The forum was dominated by the enormous Temple of Mars on its NE side, measuring 36 × 50 metres overall, with 8 × 8 white marble columns, 17.8 metres (60 Roman feet) high, the largest class of Roman column. The columns did not run around all four sides of the temple because it was built against the back wall of the forum. Even in the Temple of Mars Ultor the Corinthian Order has not yet achieved full orthodoxy. The modillions still have a Hellenistic S-shaped profile (Figure 3.13b). In the pediment was a statue of Mars flanked to left and right by Venus and Fortuna; in the left corner was a seated Romulus and a reclining personification of the Palatine; and in the right corner was the goddess Roma and the Tiber god. A double order of columns lined the walls of the cella and the floor was richly paved in pavonazzetto, africano, and giallo antico. At the end was an apse in which stood statues of Mars, Venus and perhaps Divus Julius. Augustus placed the Parthian standards in the temple and later a colossal statue of Nero the same size as that of Mars was put there to commemorate his successes against the Parthians (Tacitus, Ann. 13.8.1). Not surprisingly, the Forum Augustum was regarded by Pliny as one of the three most beautiful buildings in Rome (Nat.Hist. 36.24.102).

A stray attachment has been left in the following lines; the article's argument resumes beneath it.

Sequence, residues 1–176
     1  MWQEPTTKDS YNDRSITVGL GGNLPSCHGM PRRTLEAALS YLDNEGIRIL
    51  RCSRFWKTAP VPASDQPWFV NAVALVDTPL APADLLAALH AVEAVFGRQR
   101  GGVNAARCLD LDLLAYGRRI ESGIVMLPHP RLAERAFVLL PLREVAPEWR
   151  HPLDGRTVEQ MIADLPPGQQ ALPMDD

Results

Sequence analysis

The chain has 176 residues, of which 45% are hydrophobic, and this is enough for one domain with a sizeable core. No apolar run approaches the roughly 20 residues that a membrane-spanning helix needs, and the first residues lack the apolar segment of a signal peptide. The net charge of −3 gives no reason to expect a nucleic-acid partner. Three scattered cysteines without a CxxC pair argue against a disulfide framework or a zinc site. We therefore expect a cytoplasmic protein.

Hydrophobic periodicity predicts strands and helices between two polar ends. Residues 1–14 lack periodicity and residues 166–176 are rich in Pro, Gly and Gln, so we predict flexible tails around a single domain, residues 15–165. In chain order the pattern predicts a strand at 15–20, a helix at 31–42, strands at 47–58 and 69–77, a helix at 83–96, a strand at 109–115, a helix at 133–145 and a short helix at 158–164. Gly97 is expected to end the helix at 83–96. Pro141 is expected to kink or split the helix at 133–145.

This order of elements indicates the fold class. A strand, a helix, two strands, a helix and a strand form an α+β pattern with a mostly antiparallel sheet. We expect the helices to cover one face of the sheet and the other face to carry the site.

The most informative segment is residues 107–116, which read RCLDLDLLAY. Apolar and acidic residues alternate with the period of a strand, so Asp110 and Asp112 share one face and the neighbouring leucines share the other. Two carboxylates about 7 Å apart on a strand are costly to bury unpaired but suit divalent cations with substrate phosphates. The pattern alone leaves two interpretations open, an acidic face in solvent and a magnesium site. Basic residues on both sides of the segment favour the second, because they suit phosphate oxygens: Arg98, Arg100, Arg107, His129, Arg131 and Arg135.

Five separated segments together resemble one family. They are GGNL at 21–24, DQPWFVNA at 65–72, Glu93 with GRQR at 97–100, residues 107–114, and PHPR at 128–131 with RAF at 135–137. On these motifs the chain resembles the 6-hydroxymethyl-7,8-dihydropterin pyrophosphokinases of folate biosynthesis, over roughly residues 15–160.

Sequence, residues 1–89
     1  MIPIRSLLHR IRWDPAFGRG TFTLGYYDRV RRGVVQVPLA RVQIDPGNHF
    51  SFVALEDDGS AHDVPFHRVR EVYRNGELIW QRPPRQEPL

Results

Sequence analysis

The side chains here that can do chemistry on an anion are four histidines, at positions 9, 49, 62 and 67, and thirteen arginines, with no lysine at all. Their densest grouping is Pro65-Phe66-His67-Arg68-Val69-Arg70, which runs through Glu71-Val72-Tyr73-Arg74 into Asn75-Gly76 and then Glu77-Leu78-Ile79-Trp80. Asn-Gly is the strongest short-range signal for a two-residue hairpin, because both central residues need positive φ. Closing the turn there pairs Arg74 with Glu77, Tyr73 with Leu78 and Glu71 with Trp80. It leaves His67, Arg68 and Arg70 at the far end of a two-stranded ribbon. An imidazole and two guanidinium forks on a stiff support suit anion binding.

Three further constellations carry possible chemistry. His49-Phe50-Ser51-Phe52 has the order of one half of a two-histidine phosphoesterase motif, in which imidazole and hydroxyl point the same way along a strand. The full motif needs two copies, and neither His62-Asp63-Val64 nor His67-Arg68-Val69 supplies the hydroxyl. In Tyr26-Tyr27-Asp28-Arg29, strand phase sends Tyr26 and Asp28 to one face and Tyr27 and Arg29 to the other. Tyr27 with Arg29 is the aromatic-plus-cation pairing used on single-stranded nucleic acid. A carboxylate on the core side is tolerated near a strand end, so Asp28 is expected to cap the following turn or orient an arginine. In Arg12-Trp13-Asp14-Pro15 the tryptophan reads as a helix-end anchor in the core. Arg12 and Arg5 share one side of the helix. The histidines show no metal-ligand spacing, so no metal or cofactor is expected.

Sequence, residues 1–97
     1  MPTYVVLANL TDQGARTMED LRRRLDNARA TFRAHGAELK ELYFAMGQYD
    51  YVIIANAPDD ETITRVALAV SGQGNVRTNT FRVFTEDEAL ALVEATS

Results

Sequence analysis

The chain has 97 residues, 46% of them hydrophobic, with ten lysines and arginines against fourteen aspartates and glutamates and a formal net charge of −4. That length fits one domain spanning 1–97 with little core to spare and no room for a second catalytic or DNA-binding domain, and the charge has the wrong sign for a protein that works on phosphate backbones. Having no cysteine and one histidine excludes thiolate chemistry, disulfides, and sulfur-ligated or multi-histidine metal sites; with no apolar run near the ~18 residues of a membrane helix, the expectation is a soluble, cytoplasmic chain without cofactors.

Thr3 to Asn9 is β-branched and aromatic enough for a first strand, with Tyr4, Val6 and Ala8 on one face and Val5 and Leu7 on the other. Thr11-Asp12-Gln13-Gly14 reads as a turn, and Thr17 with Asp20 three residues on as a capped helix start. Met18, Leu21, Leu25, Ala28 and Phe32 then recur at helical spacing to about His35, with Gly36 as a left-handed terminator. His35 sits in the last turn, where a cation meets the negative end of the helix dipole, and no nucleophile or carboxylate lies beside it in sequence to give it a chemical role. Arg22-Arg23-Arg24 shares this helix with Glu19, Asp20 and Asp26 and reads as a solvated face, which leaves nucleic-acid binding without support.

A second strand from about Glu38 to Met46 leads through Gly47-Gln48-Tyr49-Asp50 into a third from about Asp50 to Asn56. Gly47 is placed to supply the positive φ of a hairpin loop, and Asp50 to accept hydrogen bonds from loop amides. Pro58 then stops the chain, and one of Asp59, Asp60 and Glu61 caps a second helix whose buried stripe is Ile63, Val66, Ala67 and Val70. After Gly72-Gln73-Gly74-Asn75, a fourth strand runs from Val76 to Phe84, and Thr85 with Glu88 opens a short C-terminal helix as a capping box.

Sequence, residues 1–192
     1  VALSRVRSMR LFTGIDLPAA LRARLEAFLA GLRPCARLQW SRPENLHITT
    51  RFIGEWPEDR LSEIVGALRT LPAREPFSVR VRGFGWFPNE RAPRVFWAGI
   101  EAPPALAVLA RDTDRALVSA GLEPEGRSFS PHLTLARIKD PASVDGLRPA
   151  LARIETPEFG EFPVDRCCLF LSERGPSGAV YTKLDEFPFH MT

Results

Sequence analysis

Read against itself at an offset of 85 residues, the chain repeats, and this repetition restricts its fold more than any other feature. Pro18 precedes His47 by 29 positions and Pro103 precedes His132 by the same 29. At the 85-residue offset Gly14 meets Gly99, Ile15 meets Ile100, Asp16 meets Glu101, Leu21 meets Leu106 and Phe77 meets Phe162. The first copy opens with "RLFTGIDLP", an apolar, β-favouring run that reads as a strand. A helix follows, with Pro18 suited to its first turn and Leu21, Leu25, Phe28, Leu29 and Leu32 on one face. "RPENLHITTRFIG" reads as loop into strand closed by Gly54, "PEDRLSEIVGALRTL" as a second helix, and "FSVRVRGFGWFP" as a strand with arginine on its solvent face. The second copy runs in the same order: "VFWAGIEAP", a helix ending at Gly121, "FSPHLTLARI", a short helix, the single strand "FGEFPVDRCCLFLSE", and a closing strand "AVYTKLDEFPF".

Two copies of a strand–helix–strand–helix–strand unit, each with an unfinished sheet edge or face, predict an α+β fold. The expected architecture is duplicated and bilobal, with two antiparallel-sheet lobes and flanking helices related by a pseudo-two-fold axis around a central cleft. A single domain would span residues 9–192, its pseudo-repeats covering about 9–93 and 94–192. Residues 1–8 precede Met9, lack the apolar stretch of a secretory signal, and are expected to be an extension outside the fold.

Whereas Hellenistic Greece had been a powerful influence in late Republican architecture11  fashionable Augustan buildings incorporated ideas first from Egypt and later on from Classical Greece. Hellenistic Greek orders had been used in Roman buildings since the late second century bc, and even in the early Augustan period Vitruvius could recommend either a Doric or Ionic entablature above a Corinthian column (de Arch. 4.1.2), seen, for example, in the Arch of Augustus (25 bc) at Augusta Praetoria (Aosta), with its Doric entablature over Corinthian columns. However Vitruvius was a traditionalist and his book does not take into account the changes that had been taking place in the 20 years before he published it. Some early Augustan buildings featured a Corinthian entablature based upon the Ionic but with a bracket or modillion placed under the cornice, an early example being the Arch at Ariminum (Rimini) of 27 bc. However, the modillion had appeared in the early first century bc in Roman stucco and wall-paintings, such as those in the House of the Griffins on the Palatine. According to D.E. Strong, the orthodox Corinthian entablature was created by an architect or architects working on Julius Caesar’s building programme or shortly afterwards: